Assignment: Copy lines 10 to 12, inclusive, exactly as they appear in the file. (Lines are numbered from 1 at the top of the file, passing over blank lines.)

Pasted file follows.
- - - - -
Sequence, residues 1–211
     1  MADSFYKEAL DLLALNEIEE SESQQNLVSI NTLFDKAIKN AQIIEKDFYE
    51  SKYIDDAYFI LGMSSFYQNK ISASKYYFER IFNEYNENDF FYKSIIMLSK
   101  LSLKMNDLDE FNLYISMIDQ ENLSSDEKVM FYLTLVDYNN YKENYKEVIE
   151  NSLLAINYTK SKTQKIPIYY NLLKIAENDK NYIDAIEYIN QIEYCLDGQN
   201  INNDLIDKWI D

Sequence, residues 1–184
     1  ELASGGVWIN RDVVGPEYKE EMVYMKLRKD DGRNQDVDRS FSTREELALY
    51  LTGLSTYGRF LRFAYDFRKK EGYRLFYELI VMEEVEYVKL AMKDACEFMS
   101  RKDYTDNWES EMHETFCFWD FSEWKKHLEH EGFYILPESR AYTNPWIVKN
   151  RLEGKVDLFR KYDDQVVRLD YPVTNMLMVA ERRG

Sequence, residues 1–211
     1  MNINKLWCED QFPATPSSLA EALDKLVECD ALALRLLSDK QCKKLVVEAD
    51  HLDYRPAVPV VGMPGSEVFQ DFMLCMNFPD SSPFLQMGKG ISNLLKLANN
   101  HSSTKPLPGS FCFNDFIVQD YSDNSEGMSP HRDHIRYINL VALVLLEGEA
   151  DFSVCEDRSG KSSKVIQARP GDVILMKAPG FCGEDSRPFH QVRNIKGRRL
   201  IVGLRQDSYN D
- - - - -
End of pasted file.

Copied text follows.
   101  RKDYTDNWES EMHETFCFWD FSEWKKHLEH EGFYILPESR AYTNPWIVKN
   151  RLEGKVDLFR KYDDQVVRLD YPVTNMLMVA ERRG

Sequence, residues 1–211